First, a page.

YouTube Takes a Stand Against Fake News About Politics

Anyone that has been on the internet recently would see that there is no shortage of people that are trying to spread misinformation out there. In fact, most of the time any news that you see on the internet should be taken with a grain of salt for a wide variety of reasons. The news cycle is extremly fast which means that sometimes news reporters will sacrifice quality of news for the sake of posting it before anyone else manages to, and then of course there are the countless people that are simply trying to trick you into believing a certain point of view in spite of the fact that it is not true at all.

One of the biggest places where fake news often ends up getting posted is on YouTube, and in the wake of one of the biggest elections in the world happening this year, the US presidential election, YouTube has decided to crack down on content that can be classified as political misinformation. This includes videos that try to mislead voters by providing wrong data, cast aspersions on presidential candidates based on dubious information as well as a variety of other ways in which people try to manipulate the political process in order to meet their own ends.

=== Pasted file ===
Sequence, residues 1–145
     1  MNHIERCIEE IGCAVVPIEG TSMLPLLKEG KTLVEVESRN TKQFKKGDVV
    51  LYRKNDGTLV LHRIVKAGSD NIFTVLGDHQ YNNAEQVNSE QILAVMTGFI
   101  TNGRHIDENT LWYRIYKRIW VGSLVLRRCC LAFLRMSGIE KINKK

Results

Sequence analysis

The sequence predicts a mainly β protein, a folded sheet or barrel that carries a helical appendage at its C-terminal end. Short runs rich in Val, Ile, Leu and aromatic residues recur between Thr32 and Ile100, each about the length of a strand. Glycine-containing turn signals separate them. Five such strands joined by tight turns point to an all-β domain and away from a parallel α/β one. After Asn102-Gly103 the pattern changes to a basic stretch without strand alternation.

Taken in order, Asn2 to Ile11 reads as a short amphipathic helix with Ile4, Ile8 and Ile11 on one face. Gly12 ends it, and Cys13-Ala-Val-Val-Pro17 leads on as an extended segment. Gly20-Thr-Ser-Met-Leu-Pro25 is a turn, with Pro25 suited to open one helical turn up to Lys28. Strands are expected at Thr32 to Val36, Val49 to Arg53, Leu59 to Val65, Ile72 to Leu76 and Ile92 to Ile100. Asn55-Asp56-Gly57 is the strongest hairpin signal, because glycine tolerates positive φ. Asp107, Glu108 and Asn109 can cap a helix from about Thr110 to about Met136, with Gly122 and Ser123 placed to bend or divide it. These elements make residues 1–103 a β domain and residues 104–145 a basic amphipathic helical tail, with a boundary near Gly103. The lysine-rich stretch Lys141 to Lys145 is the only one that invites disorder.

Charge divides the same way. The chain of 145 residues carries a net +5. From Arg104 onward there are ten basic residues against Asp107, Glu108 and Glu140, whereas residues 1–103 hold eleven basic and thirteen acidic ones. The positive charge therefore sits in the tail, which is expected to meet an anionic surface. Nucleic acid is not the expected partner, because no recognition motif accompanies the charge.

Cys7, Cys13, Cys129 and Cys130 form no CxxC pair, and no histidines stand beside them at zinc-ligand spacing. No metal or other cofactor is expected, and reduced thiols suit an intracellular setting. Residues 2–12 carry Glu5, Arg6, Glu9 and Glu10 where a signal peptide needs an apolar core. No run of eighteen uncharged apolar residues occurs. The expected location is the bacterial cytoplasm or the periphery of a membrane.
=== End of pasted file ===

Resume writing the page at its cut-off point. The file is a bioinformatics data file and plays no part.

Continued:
Additionally, Leslie Miller, YouTube's VP of Government Affairs and Public Policy, explained that its company will remove "channels that attempt to impersonate another person or channel". Plus, YouTube reserves the right to terminate channels that try to manipulate engagement metrics (like, comments or views) with the help of "automatic systems or by serving up videos to unsuspecting viewers."


It’s important to note that parody videos are not included in this policy. Videos made for humorous effect are not going to be removed, although many would say that with the sheer volume of content that gets uploaded to YouTube on a regular basis, the fact of the matter is that filtering it out is not going to be easy in the first place. Only time will tell whether or not this is the sort of thing that ends up helping the political process or if it’s just a bandaid solution that does not end up doing all that much good in the first place.


Photo: Aytac Unal/Anadolu Agency/Getty Images

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